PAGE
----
A Pitfall To Avoid When Funding Big Data Analytics
In June, I wrote about the need to fund portfolios of analytics as opposed to individual projects in order to enable analytic innovation. Tied to that theme is a common pitfall with corporate budgeting that I’d like to address here. Many organizations fall victim to what I’m about to discuss and a fundamental shift in how organizations think about and fund analytics is required to address it.
Today, the systems used to facilitate analytics within most organizations are owned by IT, which means that IT owns the budget to purchase and maintain the systems. Business units may help fund the systems via charge back models, but usually it is IT’s budget that gets hit directly with any system expenses. With the evolution of the way analytics are created and used, this can cause a big problem.
In the past, almost all analytics were internally facing and were used to support an organization’s core business. In other words, when analytics supported marketing activities, they would be used to spend more effectively and get better returns. In the end, however, analytics supported existing products even though it was quite possible to attach an ROI to the analytic processes. Today, there are more and more cases of new products that have analytics as the core ingredient. Recommendation engines, traffic projections aggregated from GPS devices, and recommendations to improve farm yields based on sensor data from equipment all represent cases where data and analytics are the product and directly generate revenue. This means the costs to support analytics are directly, not indirectly, supporting revenue.
A problem arises, however, when it comes time to budget for the systems even to support analytics that drive a quantifiable return. The business team is judged on ROI and can reasonably gain approval for a new analytics process that will drive revenue. However, IT today is often tasked simply with reducing costs year over year and minimizing expansion of system costs. While the business will get a lot of credit for a successful new analytics process, all IT will get is beat up over having spent too much because the Return part of ROI doesn’t flow through to IT.
As a result, investments either don’t happen or business units bypass IT and buy their own systems because “IT just doesn’t get it and won’t help us”. Such thinking and actions are behind the Gartner claim that CMOs will spend more on IT than CIOs by 2017. In many cases (but not all!), IT is being unfairly blamed for not wanting to help when in fact the constraints and goals IT has been given make it very hard or impossible for IT to help.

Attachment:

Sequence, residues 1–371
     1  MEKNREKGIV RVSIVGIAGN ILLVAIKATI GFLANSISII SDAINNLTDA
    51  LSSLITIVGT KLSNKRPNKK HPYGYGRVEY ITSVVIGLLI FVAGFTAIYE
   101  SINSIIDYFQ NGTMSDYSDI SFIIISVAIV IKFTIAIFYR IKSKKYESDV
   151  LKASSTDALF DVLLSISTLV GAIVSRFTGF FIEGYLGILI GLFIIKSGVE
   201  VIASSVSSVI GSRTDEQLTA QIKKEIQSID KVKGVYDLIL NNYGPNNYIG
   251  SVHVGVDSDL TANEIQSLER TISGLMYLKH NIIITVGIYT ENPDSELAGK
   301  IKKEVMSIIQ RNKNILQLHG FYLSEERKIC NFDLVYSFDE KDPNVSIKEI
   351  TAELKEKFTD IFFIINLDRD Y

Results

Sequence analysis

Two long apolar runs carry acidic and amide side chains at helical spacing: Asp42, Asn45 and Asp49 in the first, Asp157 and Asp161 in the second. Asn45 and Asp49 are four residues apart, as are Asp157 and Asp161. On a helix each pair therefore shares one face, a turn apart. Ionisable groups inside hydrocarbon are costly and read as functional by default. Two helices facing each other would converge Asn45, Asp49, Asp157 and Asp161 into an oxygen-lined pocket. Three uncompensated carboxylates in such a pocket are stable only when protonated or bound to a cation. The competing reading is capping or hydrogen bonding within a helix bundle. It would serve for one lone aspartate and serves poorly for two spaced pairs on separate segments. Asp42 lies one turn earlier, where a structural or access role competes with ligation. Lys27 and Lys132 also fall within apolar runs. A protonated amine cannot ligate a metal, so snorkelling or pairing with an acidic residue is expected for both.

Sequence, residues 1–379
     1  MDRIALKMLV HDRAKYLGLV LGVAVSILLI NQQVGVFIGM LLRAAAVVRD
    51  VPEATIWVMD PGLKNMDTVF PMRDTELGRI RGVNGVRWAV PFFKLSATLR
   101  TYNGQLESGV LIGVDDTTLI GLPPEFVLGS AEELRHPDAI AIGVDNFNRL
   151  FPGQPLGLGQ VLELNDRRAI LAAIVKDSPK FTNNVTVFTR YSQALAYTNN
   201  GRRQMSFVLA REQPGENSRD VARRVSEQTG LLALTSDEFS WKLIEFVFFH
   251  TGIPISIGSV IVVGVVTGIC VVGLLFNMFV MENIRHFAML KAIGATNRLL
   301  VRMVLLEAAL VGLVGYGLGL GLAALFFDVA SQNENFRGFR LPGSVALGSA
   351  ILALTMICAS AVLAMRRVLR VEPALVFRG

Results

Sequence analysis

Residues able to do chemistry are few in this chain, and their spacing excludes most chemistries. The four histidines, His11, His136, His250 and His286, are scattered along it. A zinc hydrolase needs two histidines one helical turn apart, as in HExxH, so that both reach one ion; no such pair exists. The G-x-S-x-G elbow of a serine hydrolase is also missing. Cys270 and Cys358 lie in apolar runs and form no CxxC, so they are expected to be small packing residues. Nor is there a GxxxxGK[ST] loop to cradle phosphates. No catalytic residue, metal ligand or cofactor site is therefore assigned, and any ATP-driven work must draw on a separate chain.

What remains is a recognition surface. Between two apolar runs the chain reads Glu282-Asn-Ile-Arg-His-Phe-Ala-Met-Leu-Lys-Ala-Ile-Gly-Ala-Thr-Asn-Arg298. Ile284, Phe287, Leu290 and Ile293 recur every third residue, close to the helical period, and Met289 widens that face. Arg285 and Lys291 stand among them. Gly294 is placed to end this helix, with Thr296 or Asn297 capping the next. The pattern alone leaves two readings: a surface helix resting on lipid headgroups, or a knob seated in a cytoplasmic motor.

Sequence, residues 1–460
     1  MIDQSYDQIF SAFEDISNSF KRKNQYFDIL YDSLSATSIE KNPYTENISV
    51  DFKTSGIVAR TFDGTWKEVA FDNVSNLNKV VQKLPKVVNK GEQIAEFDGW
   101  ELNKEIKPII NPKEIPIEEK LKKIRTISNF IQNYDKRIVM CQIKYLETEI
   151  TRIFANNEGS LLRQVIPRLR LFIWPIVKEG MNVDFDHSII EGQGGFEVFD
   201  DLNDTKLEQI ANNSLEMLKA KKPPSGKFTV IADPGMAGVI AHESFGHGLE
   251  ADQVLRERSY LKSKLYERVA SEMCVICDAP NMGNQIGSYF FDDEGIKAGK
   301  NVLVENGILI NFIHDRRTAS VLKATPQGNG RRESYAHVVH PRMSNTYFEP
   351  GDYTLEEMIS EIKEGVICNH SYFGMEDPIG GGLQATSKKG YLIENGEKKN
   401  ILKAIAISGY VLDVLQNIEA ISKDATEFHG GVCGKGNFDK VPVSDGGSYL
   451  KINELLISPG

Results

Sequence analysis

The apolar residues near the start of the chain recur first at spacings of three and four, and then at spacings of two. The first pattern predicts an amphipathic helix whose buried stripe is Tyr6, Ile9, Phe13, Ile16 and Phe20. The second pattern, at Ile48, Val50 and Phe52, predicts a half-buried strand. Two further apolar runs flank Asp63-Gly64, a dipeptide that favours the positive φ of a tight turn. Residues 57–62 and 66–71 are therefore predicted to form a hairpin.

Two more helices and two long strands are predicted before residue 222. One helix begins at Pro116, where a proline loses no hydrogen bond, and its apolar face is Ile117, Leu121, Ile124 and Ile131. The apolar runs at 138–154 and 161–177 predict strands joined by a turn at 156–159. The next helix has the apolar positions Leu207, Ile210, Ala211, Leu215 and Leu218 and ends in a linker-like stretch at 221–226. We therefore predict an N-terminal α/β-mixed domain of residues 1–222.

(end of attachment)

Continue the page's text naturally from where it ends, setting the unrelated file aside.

For pure infrastructure projects and assets, it makes sense to have IT focus on keeping costs down. A phone system is pure overhead. We might need phone lines, but they don’t directly drive revenue. When investing in analytics, however, we often can’t look at systems as simply a facilitator because the data stored and the analysis run against that data drive quantifiable returns. Whether it is the classic example of helping marketing be more efficient or a modern example of an analytics-based product, it is critical not to hold IT to arbitrary cost limits. When an investment makes sense, it should be made.
For example, it would be hard to find a manufacturer that would refuse to build a new plant to manufacture a product that has high, proven demand that will support the initial and ongoing costs of the plant. The cost of the plant is correctly seen as a necessary part of creating the new product line and driving the related revenue.
However, I repeatedly see organizations refuse to invest in additional analytic infrastructure even when the benefits of the investment can be seen. Rather than seeing the system expenses as a necessary part of capturing a revenue stream, they are seen simply as extra IT costs. Taking the costs out of context of the returns makes the costs look very unappealing and leads to missed opportunities.
If analytics are to continue to become more strategic and grow in impact to organizations, then there must be a mechanism to distinguish between IT costs that are truly overhead and those that can be tied to revenue. The costs of analytic systems must be directly associated not just with IT, but with the business processes and products they support. At the same time, the returns can’t be associated only with the business unit, but also have to be credited back to the data and analytics that made them possible.